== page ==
Have I actually improved the silence?

As the world seems to be falling apart, and social media introduces a new level of cacophony of misinformation, speculation, and downright venomous bile — we should ask ourselves, is what I am about to say better than silence? Am I adding anything to what’s already being said? And possibly most importantly, is my desire to say it keeping me from listening to what is already being said. Because waiting for your turn to talk is not the same as listening.

Have I actually improved the silence?

In a month where between Thatcher and Boston we definitely saw some of the worst of ‘social media’*, Mike Monteiro hits the proverbial nail on the head when he asks us to question our contributions to the digital debate. Twitter just seems to be flowing with bile at the moment. Conversely, I took a dip into Facebook recently following months of having a deactivated account and it just seems so dull, full of banal marketing waffle. Either way, its not very nice to swim in.

Monteiro’s Quaker-inspired creed is a very good way to conduct your online business. As I’ve explored Buddhism more, I think more and more about the effects of my online actions. I’ve become a bit more reluctant to just pump the contents of my brain out there, especially if its for cheap laughs at someones expense or if its throwing a bomb into a heated debate. Mindfulness needs to extend to all our actions, including our tweeting. Indeed, Prickly Goo was born out of a growing dissatisfaction with the tone of my old blog, which had (for me) become simply a rant-fest. Your words have consequences out there in the real world. We really need to think about those, and indeed, our motivations and intentions. Why are we saying what we are saying? I think a lot of why we publish these days is less to do with contributing or debating but more to do with solidifying our own digital ego. As the Boston Bombing story was breaking, you got the impression people were simply tweeting just for the sake of contribution, to be seen to be part of the ‘breaking event’. As a friend pointed out, we get the lunacy of people tweeting that they are speechless. You are telling us you have nothing to say.

*On a side note, there’s been a lot of meta naval gazing about social media’s role in such events. Almost as much discussion to the event itself is now given to how we discussed the event! And in doing so, ‘social media’ has become this almost natural force. Or, to paraphrase the Mighty Mos Def “People talk about social media like it’s some giant livin in the hillside, Comin down to visit the townspeople”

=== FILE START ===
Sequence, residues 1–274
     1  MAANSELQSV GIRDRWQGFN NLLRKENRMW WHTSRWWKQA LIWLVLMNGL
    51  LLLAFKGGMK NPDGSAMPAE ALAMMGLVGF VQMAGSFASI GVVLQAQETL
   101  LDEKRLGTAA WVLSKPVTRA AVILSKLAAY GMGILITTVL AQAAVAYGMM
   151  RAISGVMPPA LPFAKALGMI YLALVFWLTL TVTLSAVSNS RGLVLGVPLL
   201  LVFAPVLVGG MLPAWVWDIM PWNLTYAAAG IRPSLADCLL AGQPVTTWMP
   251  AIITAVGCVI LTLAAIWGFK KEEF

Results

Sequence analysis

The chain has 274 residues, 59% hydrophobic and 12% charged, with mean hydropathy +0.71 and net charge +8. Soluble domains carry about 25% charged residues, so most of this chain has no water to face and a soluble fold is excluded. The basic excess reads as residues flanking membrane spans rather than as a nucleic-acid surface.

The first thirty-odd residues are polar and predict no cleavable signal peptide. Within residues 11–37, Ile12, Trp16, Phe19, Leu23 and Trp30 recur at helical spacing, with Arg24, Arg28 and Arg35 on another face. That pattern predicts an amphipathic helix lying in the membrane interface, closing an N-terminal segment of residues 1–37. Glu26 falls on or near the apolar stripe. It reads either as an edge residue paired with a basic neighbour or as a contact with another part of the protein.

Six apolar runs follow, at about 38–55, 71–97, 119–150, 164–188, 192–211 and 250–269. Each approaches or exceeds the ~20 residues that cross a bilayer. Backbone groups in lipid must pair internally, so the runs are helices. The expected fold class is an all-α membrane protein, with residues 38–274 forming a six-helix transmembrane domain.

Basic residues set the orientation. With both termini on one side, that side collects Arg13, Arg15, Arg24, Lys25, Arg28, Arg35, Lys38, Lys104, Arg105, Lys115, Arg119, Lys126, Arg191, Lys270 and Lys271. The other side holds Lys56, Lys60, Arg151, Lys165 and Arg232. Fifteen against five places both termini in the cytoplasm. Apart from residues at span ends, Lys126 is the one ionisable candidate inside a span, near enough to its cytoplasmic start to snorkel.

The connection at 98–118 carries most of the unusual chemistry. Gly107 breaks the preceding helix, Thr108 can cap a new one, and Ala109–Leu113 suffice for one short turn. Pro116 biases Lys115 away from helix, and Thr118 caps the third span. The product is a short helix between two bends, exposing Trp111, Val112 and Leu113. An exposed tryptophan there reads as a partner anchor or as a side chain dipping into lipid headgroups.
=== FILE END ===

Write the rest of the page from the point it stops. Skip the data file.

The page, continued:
Bitcoin and the nature of money

I’ve quoted Alan Watts before on the nature of money, and written on the topic in more detail.

What wasn’t understood then, and still isn’t really understood today, is that the reality of money is of the same type as the reality of centimeters, grams, hours, or lines of longitude. Money is a way measuring wealth but is not wealth in itself. A chest of gold coins or a fat wallet of bills is of no use whatsoever to a wrecked sailor alone on a raft. He needs real wealth, in the form of a fish rod, a compass, an outboard motor with gas, and a female companion.

And I thought of it again whilst thinking about bit coin. Bitcoin is a ‘digital currency’ that is in the news at the moment due to its wild fluctuations. In fact, whether we can call it a ‘currency’ or not is part of its problem. There’s been loads written about it recently, some of which is quick to claim that it’s not a currency at all.

I quite like the Washington Post’s take on it. It deals with what is for me the most interesting thing about bit coin – it is forcing people to think about what money is.

…money has almost nothing to do with physical form. It also doesn’t have much to do with who creates it: The dollar bills were issued by the Federal Reserve, the checking account created by my neighborhood bank, the money market fund was created by a mutual fund manager, the gold was mined out of the ground, and the refrigerator was made by General Electric.

Rather, what makes money money is what you can do with it. If you can purchase the goods and services that you want and need with it, it is money; if you can’t, it isn’t. Money is memory, said Narayana Kocherlakota in an important 1996 paper (he is now president of the Minneapolis Fed). It is the way we as a society record how much capacity to buy stuff each of us possess.

They also reference an Onion article entitled “U.S. Economy Grinds to Halt As Nation Realizes Money Just A Symbolic, Mutually Shared Illusion.” to help make their point.

This is inline with Watts talk of money as measurement. Bitcoin idealists I guess use this to legitimise themselves; it is just another, radically different (in its lack of centralisation) measurement tool. The Post, however, posit some retorts – one of which is that currency like the Dollar is not just ‘socially’ accepted as currency, it is effectively enforced by the most powerful entity on Earth – the U.S. government. And both the Post and the Guardian bemoan it’s like of liquidity and central control to keep it liquid.

Still, it’s nice to see this debate being played out. Watts was keen to get us to remember that money is not wealth. Bitcoin helps us remember this, I think. Interesting times ahead.

See also: Money and Wealth